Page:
Of our churches

 In Stewardship

Article by Peter Koeppel, member of Trinity Memorial Church in Binghamton and the diocesan Stewardship Resources team.

See more Stewardship meditations and get stewardship resources for your parish at cnyepiscopal.org/stewardship>

Image of Notre Dame Cathedral by Leif Linding from Pixabay.

Do you remember where you were, and what your reaction was, when you first learned that the great cathedral of Notre Dame in Paris was burning? I was out and about when the news first lit up my smartphone; my reaction was utter, stunned disbelief—this just had to be a hoax. It was not. 

I have never been to Paris myself, but truly, Notre Dame in Paris is not just a French cathedral, but a gift to people all over the world; it is etched into many of our memories through Victor Hugo’s magnificent novel Notre Dame of Paris, popularized in English as The Hunchback of Notre Dame. In Victor Hugo’s novel, the cathedral itself is at the center of the story, not Quasimodo.  If you want to get a sense of Victor Hugo’s tale, skip the modern animated movie, and go for the 1939 movie featuring the great Charles Laughton as the titular character. Or better yet, go to your local bookstore, and pick up a printed copy. This grand story, with its themes of fate, family, and (in-)justice in the 15th century Christian era, sets the foundation for many later authors, including Charles Dickens.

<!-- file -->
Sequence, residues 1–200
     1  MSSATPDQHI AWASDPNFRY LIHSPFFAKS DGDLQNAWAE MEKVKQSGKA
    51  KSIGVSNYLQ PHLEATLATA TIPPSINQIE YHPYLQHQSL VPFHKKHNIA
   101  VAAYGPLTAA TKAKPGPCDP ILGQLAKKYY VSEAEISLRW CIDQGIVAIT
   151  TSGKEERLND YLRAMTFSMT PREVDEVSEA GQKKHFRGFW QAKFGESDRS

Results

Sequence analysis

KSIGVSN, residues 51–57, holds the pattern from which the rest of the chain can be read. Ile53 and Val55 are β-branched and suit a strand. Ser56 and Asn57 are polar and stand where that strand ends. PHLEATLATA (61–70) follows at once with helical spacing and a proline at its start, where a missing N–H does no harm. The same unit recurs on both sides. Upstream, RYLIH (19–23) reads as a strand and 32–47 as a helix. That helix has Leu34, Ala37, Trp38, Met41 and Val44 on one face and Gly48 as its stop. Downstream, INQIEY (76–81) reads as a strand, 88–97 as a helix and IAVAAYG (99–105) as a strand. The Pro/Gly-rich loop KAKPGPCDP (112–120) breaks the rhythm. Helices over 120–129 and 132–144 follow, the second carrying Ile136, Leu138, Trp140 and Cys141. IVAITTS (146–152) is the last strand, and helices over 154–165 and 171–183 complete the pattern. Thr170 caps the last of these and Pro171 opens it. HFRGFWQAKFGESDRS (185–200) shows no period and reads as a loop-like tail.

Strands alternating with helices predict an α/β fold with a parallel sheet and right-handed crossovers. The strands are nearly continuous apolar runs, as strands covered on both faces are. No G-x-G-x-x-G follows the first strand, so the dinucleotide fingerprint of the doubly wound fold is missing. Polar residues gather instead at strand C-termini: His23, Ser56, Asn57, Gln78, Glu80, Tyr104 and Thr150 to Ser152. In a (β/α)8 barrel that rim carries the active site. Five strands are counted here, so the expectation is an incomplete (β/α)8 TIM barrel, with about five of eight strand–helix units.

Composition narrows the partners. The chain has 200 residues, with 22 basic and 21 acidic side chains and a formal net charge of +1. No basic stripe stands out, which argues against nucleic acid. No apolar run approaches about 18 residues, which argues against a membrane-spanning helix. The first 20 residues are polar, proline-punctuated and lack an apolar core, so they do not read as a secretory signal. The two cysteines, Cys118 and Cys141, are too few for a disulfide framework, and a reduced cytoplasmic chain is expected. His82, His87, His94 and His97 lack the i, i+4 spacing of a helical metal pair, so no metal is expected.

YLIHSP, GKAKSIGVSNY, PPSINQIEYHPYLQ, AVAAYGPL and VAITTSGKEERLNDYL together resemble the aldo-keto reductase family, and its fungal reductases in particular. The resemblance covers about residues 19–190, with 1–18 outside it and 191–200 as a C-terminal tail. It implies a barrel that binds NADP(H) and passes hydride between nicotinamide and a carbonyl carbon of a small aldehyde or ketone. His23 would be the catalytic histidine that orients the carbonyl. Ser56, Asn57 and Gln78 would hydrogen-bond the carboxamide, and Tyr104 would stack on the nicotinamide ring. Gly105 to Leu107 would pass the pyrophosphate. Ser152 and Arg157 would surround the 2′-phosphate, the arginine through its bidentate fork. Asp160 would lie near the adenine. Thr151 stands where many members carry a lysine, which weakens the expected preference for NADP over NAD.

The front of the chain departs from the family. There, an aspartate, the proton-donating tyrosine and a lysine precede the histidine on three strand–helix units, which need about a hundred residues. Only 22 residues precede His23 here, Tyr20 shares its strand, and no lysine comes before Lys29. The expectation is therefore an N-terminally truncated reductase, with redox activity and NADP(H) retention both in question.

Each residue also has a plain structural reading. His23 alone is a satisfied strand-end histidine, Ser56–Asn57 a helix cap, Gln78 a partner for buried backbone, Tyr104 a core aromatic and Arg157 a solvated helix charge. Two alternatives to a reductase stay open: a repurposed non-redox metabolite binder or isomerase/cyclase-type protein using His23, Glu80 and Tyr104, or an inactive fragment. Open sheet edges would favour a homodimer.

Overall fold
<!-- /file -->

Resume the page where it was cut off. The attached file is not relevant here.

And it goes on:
Why should we react so deeply to this magnificent building having been severely damaged by fire? For one, it’s not just any old church—it has stood for centuries, watching over the lives of thousands of people like you and me; it has seen wars, revolutions, defeats and victories; it has seen pain, suffering, redemption and joy. The great cathedral embodies human history as much as it watched over it. For a second, churches are dear to us as the House of the Lord, to which we are glad to go!                            

Just as Notre Dame de Paris was and is being kept alive by those who visit, pray and worship in it, so our own churches are kept alive by us, who visit, pray, worship, work and volunteer in them, and reach out to our communities from them. 

As fall approaches, our church leadership will ask us to consider in prayer and action our own commitment to a life in Christ and as members of our church. I’m asking you to respond with grace and generosity. We do not know whether our churches will stand in a few hundred years, or who will worship our God in them; but we do know that it is up to us, living our lives as followers of Christ, and standing on the shoulders of those who came before us, to in turn enable those coming after us to stand on our shoulders as they carry on proclaiming the Good News. Let us do so!

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